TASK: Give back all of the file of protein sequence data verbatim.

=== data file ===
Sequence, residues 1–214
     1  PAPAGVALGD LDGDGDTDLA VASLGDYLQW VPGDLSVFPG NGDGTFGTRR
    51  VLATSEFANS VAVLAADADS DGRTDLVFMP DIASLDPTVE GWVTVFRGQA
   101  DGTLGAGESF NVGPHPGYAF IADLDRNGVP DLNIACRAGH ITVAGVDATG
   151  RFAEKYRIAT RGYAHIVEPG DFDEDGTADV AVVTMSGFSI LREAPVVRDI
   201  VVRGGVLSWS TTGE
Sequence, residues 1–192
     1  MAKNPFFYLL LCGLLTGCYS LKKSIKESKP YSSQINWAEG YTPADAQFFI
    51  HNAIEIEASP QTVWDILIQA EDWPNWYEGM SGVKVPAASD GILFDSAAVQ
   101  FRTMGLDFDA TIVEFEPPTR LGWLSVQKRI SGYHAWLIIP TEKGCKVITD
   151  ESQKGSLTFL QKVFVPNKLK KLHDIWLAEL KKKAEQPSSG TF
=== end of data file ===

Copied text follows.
Sequence, residues 1–214
     1  PAPAGVALGD LDGDGDTDLA VASLGDYLQW VPGDLSVFPG NGDGTFGTRR
    51  VLATSEFANS VAVLAADADS DGRTDLVFMP DIASLDPTVE GWVTVFRGQA
   101  DGTLGAGESF NVGPHPGYAF IADLDRNGVP DLNIACRAGH ITVAGVDATG
   151  RFAEKYRIAT RGYAHIVEPG DFDEDGTADV AVVTMSGFSI LREAPVVRDI
   201  VVRGGVLSWS TTGE
Sequence, residues 1–192
     1  MAKNPFFYLL LCGLLTGCYS LKKSIKESKP YSSQINWAEG YTPADAQFFI
    51  HNAIEIEASP QTVWDILIQA EDWPNWYEGM SGVKVPAASD GILFDSAAVQ
   101  FRTMGLDFDA TIVEFEPPTR LGWLSVQKRI SGYHAWLIIP TEKGCKVITD
   151  ESQKGSLTFL QKVFVPNKLK KLHDIWLAEL KKKAEQPSSG TF